Russian skaters make history, US women make excuses
By MARK ZEIGLER | The San Diego Union-Tribune | Published: February 23, 2018
PYEONGCHANG, South Korea (Tribune News Service) — Eteri Tutberidze had seen enough.
Alina Zagitova was crying too much and training hard with too little at her Sambo 70 figure skating rink in Moscow, and she wasn’t putting up with it any more. So she told Zagitova to leave.
Zagitova figured she’d move back her hometown of Izhevsk in the Ural Mountains and find a rink and coach there. She and her parents brought flowers to Tutberidze to thank her and say their goodbyes.
Tutberidze offered them a second chance.
The fairy-tale ending: Zagitova won the Olympics on Friday to become the youngest champion after American Tara Lipinski and the first person from Russia – uh, the Olympic Athletes from Russia – with a gold medal at the Pyeongchang Winter Games.
Zagitova is 15 years, 281 days. Lipinski was 15 years, 255 days when she won in 1998 in Nagano, Japan.
There are more parallels than age with Lipinski, who also upset an older and favored countrywoman Michelle Kwan in Nagano with a more technically demanding program after finishing behind her in prior competitions.
Zagitova’s stiffest competition came not from someone across the world but from across her own rink. Two-time world champion Evgenia Medvedeva, 18, was the favorite here and received the exact same score – 156.65 points – for the 4-minute free program. The difference was Zagitova’s world-record score of 82.92 points in the short program, 1.31 points higher than her rinkmate, gave her a total of 239.57.
“Figure skating is a sport that you must love,” Zagitova said, “that you must give your everything at every practice. I fully realize that my journey to these Olympics Games, all the work I have done, was not in vain. I will try to continue with the same momentum.”
Asked her thoughts that the Olympic flag – not the Russian flag – will be raised at the medal ceremony as part of her nation’s penalty for doping at the Sochi Olympics, Zagitova smiled and said:
“Could I please not answer this question.”
It was the only thing she backed down from all night, which was more than the U.S. women could say.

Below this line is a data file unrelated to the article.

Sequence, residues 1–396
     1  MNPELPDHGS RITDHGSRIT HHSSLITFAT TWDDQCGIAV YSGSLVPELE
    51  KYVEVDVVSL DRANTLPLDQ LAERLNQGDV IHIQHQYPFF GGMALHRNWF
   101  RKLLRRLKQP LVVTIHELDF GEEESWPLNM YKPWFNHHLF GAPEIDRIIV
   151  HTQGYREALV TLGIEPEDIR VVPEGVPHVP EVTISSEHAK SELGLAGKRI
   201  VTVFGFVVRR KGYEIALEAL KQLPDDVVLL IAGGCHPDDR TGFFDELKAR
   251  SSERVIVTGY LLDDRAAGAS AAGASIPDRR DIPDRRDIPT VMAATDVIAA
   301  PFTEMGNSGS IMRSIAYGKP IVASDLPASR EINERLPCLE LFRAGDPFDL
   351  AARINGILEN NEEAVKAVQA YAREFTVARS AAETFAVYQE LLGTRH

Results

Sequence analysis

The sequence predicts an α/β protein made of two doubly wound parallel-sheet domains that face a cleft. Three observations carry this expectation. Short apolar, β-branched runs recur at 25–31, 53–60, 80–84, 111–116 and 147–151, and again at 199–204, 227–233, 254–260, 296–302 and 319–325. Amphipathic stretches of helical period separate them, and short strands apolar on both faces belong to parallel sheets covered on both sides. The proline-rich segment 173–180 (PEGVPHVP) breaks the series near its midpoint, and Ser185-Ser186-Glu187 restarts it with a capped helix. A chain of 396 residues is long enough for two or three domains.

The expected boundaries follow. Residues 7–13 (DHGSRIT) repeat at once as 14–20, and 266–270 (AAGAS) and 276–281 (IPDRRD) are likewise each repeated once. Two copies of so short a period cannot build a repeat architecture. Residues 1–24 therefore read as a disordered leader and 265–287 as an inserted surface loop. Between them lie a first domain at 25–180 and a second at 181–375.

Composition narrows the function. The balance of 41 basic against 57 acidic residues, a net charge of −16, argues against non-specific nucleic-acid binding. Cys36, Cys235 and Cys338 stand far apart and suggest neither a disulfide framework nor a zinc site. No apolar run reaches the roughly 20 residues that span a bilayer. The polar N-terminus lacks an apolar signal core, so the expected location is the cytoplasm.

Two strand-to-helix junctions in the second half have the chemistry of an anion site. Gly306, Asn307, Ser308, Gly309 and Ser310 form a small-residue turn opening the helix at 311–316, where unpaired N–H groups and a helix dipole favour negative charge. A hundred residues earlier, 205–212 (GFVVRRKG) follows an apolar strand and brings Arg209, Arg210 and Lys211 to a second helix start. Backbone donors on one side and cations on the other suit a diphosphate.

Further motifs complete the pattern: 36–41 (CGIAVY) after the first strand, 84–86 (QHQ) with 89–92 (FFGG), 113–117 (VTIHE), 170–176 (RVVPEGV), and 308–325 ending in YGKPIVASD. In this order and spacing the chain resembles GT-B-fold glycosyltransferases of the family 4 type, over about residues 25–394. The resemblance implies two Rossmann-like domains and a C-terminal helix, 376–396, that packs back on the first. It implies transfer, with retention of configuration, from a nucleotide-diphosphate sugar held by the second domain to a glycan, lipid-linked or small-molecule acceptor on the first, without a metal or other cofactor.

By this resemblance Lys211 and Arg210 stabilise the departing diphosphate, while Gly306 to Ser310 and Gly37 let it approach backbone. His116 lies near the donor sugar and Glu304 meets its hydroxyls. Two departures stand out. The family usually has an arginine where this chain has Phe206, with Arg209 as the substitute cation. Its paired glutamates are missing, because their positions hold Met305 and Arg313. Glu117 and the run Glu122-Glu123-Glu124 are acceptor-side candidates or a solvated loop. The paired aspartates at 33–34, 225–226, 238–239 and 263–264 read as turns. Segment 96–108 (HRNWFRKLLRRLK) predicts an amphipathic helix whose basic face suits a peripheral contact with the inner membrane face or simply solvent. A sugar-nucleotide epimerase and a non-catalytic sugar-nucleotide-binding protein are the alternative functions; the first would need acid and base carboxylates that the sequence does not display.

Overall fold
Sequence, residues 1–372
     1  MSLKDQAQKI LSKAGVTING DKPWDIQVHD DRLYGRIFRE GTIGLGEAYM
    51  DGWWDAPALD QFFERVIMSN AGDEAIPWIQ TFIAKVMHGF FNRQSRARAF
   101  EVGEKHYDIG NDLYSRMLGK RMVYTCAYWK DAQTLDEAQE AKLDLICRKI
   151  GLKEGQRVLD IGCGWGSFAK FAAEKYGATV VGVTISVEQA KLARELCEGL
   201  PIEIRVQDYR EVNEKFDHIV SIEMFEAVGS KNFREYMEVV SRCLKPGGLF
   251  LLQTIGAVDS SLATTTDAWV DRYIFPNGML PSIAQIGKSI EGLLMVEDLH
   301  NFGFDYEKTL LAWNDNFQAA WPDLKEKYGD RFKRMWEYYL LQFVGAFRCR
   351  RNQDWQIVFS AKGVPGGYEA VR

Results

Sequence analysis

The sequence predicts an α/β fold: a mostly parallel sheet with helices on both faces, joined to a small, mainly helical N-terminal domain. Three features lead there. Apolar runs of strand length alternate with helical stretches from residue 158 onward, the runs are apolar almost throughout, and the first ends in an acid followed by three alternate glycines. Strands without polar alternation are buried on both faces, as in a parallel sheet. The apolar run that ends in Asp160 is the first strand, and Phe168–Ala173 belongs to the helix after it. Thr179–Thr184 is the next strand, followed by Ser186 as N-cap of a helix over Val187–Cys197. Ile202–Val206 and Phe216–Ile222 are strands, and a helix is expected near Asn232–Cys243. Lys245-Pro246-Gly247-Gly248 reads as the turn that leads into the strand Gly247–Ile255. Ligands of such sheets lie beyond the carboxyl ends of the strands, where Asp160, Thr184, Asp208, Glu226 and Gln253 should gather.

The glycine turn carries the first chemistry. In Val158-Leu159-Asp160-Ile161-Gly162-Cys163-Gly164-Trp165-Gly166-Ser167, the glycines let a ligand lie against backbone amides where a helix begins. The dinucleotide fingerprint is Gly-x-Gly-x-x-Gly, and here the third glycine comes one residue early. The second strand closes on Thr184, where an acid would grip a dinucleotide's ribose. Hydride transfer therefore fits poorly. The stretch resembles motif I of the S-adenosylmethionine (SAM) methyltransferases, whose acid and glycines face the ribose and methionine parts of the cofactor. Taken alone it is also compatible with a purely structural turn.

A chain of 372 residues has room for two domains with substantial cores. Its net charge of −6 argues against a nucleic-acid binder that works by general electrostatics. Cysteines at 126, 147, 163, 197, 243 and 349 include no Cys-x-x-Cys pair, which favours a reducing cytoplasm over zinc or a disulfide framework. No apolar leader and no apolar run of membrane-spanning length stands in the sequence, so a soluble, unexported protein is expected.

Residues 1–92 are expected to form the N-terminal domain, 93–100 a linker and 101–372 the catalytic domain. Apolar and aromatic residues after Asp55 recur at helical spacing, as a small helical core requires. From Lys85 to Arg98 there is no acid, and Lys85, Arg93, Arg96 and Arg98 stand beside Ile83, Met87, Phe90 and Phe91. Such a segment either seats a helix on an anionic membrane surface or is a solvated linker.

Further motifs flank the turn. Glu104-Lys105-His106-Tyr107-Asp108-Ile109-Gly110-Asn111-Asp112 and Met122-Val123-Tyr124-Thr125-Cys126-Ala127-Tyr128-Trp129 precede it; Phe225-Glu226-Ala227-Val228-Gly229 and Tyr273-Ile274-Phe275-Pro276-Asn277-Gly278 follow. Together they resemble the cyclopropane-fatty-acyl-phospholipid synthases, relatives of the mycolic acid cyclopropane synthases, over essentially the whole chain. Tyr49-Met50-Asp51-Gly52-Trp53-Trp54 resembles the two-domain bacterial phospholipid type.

Canada’s Kaetlyn Osmund was third at 231.02. Then came a Japanese skater, an Italian, another Japanese, a Korean and another Russian.
And then, in ninth place at 192.35, came the top American, Bradie Tennell, who entered the competition having landed 32 straight triple jumps this season and botched three over the short and free programs. Mirai Nagasu did a half-rotation Axel instead of a triple and was 10th. Karen Chen missed jumps and her mommy – we’re not making this up – and was 11th.
No U.S. woman had finished below sixth place since figure skating was introduced to the first Winter Olympics in 1908.
The Americans did win a bronze medal in last week’s team competition, and Nagasu brought it with her to Gangneung Ice Arena for the free program.
“Here she is,” Nagasu told reporters, holding up the medal. “I told myself, ‘Mirai, you’ve already done your job.’ My focus has been a little bit too much about the medals, and so today that’s why I put my medal in my pocket. Like, I already have a medal. When I didn’t land my triple Axel in the short (program) my mom told me: ‘Who cares if you get last place? This is the Olympics. Making it is the hard part.’
“Maybe it won’t be enough for another person, or maybe someone else could have done a better job. But I didn’t back down, and although I got zero points for my attempt at the triple Axel, in my mind I went for it. It’s unfortunate that I hit a rut today, but I’m proud of what I did.”
Nagasu also said this in a television interview with the Olympic network:
“F it all, I’m taking home a medal and that’s all that matters for me … I’m ready to go home.”
Nagasu’s other excuses: walking in Opening Ceremony, a trip to USA House in the mountains taking four hours, having to go to bed at 8 o’clock each night and wake up at 4 a.m. (“which is hard for me”), the temperature of the water in the showers, being physically and emotionally drained from the team competition.
(Footnote: Seven of the eight women who finished ahead of them also skated at least once in the team competition, including both Russians.)
When politely asked other why countries were able to better manage their hardships and pressures, Nagasu called it “aggressive question” and noted that Canada’s Gabrielle Daleman, who fell three times in the free program, “didn’t have a strong outing here.”
Nagasu added: “I thought of this as my audition for ‘Dancing with the Stars.’ I would like to be on the “Dancing with the Stars” because I want to be a star, and I made history here by landing the first triple Axel for a U.S. lady (in the team competition) and the third at the Olympics. So I think that’s a big deal.”
Chen talked about boot problems in her morning practice session; about this being her first Olympics; about not being around her mother “24/7” at the Athletes Village, where families aren’t allowed.
“To be honest, when I first came here I didn’t know what to expect,” said Chen, 18. “I knew it was going to be big, it was going to be grand. I didn’t know what the media was going to be like, I didn’t know what the ice was going to be like, what the village was going to be like. It was all so brand new and different.
“The biggest change for me was not being able to see my mom 24/7. For me, that was something that I really missed.”
Asked what her mother means to her, Chen began crying and the interview ended shortly after.
Tennell, the reigning U.S. champion at age 20, was asked what it would take for the U.S. women to elevate their level to Russia’s teen-agers.
“I think anything is possible with hard work and determination,” Tennell said. “The rest of the world just has to catch up.”
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